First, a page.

The Sadducees did not believe in life after death. They taught that it all ended when you died. And so this life was very important to the Sadducees, and they cherished status and possessions. Play it safe, this life is your only one.

The Pharisees did believe in resurrection. They taught that the righteous would rise from their graves to enjoy the new world brought about by God’s Messiah when he transformed the current world. Sadly, this new world could not come while there was so much sin in the old world. They didn’t much like all of the sinners who were delaying the arrival of the Messiah and the new world.

The Hellenists had mixed ideas from Greek philosophy (Socrates, Plato, Aristotle and others) into their Judaism. They did believe that after death their spirits or souls would be united with God. So they saw death as the great escape, much as I did when I first became a Christian. I didn’t realise at the time how much Greek thinking there was in my Christianity. And you probably don’t know how much there is in your thinking right now. They didn’t much like the idea of resurrection. Returning to a physical body seemed like a step down, so they didn’t really talk about it.

The Zealots, what of the crazy zealots? Well they held views fairly similar to today’s Islamic terrorists. Messiah would remake the world, but only people of courage with a true heart would be part of it, so you had to be ready and willing to help Messiah by killing lots of sinners. And you had to be ready to die for your beliefs.

Jesus agreed with the Zealots in being ready to die for God and expecting resurrection, but rejected violence and called instead for sacrificial love. He disagreed with the Pharisees that resurrection is for a select few. He agreed with the Sadducees that the here and now is important, but he says death is not the end.

Jesus never feared death, but he didn’t want to escape this world for the next. Jesus had a radical confidence that pervaded his life and teaching, a certainty that this life is not all that there is. There is more, much more, on the other side of death.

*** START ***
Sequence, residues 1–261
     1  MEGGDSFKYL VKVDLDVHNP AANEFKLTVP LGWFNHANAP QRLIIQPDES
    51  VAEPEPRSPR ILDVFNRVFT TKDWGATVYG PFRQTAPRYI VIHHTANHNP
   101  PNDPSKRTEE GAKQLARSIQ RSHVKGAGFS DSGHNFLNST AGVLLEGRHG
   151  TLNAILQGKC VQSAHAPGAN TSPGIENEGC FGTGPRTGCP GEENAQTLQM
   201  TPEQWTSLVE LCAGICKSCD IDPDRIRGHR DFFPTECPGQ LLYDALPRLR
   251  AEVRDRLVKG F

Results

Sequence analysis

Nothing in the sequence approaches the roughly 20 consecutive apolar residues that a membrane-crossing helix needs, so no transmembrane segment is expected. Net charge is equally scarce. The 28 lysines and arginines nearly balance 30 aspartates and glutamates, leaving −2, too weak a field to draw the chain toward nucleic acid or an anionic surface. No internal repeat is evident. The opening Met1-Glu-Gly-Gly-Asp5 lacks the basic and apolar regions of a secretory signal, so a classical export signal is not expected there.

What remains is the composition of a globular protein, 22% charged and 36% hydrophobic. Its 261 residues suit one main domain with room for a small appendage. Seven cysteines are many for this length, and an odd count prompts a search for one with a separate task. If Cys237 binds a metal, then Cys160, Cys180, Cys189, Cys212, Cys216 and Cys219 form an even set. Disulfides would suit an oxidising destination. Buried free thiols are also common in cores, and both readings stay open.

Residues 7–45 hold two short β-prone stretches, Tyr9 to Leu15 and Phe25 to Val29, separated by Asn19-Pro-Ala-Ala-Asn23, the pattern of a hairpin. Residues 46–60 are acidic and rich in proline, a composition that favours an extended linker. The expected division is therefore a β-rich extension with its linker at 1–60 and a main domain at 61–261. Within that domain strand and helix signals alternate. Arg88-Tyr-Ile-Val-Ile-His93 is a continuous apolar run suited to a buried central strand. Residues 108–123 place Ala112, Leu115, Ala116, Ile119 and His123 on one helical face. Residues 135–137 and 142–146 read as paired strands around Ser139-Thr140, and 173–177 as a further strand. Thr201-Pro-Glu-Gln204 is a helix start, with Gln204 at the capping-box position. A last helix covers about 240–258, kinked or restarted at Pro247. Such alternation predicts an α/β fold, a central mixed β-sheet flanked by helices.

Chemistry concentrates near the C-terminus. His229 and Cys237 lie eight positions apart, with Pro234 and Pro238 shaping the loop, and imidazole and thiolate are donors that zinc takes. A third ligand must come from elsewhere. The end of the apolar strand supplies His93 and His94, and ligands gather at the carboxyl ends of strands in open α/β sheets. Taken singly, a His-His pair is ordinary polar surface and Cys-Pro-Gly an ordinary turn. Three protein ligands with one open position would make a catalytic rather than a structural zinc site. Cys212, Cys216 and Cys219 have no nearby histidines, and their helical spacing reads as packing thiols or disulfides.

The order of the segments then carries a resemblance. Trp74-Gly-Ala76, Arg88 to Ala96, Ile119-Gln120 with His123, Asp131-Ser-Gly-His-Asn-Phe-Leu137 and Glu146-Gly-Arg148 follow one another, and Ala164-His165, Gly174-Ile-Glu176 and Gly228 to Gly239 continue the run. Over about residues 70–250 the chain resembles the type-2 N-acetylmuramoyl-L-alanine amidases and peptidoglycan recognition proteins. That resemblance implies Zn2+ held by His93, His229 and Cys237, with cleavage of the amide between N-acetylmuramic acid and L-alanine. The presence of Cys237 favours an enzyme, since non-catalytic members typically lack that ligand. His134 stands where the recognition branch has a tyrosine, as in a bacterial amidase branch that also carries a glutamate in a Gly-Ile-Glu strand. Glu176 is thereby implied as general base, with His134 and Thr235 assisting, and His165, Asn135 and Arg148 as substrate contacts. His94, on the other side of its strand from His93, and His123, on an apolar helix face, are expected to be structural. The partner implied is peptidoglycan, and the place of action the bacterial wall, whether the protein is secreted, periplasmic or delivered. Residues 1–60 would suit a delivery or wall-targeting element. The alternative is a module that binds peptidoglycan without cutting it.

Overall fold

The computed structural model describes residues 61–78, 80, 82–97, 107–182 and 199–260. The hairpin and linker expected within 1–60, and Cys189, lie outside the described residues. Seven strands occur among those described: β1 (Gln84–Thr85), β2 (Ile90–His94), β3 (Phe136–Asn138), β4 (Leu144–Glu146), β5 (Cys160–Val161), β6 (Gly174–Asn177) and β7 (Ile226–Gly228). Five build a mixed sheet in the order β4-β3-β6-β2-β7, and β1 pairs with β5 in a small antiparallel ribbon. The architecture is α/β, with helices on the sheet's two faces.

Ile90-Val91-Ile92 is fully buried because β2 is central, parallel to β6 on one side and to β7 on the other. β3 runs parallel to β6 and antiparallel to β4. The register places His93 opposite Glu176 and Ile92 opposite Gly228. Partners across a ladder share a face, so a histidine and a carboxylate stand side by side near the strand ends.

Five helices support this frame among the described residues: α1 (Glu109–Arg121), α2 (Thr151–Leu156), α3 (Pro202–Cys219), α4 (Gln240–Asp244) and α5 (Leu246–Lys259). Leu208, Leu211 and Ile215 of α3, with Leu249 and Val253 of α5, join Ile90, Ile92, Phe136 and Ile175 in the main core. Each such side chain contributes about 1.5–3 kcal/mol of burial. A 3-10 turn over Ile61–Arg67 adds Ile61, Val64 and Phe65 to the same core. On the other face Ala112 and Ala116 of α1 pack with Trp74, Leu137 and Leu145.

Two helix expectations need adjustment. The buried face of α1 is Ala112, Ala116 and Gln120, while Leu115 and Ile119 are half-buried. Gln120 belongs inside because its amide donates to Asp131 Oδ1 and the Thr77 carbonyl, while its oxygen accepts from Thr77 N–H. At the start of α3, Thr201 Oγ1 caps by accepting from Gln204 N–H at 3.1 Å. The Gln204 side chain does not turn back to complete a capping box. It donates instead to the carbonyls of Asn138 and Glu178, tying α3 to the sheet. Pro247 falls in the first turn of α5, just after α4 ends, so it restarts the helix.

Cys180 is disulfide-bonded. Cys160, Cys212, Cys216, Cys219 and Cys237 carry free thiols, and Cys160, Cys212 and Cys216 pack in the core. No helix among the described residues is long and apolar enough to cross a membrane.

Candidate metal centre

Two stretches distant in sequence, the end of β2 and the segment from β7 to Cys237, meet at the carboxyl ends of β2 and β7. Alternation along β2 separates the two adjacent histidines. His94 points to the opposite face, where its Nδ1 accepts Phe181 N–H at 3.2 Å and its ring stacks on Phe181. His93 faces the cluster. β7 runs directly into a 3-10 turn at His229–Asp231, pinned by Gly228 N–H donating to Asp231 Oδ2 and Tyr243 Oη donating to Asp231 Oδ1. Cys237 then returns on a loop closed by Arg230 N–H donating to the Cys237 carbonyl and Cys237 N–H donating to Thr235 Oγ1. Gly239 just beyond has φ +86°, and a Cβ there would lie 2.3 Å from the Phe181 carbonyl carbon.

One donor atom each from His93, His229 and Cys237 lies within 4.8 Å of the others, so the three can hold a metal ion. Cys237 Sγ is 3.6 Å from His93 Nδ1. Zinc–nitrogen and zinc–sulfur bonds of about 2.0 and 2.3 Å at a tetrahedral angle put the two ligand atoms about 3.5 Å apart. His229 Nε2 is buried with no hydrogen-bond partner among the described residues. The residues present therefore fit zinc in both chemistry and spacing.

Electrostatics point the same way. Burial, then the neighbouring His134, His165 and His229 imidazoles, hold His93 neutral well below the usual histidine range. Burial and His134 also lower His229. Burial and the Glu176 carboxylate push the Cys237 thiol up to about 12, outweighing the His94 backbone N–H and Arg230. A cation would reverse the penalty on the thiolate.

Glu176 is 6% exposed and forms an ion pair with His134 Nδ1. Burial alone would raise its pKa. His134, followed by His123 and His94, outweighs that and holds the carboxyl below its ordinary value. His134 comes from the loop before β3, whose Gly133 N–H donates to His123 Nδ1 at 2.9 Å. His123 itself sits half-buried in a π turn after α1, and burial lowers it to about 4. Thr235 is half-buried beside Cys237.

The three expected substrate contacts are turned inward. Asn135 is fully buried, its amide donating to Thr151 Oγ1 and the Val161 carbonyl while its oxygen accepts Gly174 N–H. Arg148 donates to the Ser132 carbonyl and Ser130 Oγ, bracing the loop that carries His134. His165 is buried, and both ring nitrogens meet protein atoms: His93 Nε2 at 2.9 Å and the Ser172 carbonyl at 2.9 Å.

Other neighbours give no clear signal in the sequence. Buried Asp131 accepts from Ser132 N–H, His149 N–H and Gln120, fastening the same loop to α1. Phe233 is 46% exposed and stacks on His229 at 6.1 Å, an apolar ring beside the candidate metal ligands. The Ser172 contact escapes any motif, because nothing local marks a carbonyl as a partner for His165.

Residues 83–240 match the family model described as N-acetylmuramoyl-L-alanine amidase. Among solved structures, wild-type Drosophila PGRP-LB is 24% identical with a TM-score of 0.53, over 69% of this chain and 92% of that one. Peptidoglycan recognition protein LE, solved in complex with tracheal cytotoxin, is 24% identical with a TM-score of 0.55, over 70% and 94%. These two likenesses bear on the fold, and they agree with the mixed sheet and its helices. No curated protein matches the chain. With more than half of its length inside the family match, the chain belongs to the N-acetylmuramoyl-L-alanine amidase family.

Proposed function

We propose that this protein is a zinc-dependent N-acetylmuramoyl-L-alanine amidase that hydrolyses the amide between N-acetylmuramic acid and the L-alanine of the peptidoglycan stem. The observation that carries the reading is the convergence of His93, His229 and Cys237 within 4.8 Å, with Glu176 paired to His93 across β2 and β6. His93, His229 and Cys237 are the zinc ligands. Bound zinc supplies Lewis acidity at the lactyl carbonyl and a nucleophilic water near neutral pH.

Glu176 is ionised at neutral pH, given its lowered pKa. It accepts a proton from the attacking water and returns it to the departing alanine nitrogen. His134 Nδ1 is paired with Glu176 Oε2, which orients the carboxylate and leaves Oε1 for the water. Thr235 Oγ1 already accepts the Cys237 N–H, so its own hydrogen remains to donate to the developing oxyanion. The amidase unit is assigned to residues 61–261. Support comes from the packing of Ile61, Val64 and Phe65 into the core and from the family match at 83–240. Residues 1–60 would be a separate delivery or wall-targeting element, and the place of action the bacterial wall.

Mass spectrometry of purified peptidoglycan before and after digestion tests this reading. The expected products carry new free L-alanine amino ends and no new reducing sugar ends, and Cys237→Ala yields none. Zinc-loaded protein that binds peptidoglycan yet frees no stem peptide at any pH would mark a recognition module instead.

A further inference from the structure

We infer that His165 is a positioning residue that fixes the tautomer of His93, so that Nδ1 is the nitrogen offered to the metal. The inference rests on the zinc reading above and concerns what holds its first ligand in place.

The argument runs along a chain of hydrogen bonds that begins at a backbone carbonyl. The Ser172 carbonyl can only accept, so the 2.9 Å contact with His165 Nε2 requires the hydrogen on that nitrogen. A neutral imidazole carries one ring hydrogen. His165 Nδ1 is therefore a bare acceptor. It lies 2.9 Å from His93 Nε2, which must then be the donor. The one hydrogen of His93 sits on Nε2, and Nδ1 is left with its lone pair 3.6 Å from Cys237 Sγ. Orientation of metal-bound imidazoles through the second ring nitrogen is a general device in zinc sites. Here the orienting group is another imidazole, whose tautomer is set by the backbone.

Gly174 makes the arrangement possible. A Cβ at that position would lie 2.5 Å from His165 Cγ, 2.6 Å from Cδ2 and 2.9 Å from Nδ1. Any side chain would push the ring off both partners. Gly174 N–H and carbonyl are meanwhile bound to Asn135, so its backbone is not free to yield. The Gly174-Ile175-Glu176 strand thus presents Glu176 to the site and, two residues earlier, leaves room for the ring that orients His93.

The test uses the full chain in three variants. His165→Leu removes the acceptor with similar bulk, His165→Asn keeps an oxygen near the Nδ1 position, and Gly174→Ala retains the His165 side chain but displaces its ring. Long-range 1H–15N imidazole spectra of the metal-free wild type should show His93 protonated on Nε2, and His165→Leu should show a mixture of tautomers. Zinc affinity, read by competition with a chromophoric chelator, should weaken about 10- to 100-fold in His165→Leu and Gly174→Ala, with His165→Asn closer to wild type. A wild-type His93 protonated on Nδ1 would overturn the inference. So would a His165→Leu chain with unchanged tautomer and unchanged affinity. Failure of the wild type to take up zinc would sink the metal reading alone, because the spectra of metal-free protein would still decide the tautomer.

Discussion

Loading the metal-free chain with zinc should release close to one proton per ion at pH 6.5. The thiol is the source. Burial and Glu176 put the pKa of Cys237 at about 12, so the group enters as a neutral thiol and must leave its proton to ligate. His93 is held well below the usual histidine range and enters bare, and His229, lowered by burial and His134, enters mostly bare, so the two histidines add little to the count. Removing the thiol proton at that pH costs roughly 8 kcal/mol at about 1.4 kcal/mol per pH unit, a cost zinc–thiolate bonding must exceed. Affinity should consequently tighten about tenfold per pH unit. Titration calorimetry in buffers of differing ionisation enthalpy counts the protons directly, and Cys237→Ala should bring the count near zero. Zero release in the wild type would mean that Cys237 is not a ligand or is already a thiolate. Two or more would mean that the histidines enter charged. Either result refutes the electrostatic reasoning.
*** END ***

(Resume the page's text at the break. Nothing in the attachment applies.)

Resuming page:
Jesus has defeated death. Jesus has been resurrected.

What we come to with Jesus is not a neat prescription of how after death we are going to be floating on clouds and playing harps, or walking in verdant valleys and eating ripe fruit year round from overladen trees.

We come instead to a place of faith, where we realise it is not the details of heaven that matter. The details would be a distraction for more important things. We trust in Jesus’ promises. We live according to his directions.

We have the awesome hope that the relationship we are building now will last over death and continue. We are building eternity with every prayer, every act of love, every gesture of compassion. Never mind the details, I want to seek first the kingdom of God. I want to passionately desire a closer relationship with him. I want to be more obedient. I want to fit in with his plans better. I want his heart and his mind. I trust him that the rest will be the best because he created it for me out of a love that passes all understanding.

With God, the future is glorious.

Paul says in 1 Corinthians 15:58 that nothing will be wasted. None of the seeds that Jesus talks about, none of our efforts, will be wasted. In the end, whatever form that takes, we shall find that life goes on.

But Jesus keeps pointing us back to the way we live today, the way we grow and bear fruit in this world. He keeps reminding us of the importance of seeking God today, of seeking to please God, of seeking a deeper relationship with God.

Don’t get so carried away with tomorrow that you lose sight of today.

To be loved by God is the greatest thing.

Amen

About Pastor Simon

Pastor at Jinju International Christian Fellowship. Formerly of Eastbourne, East Sussex, UK. I am Simon Warner of Jinju Church. We speak English at Jinju Church, South Korea.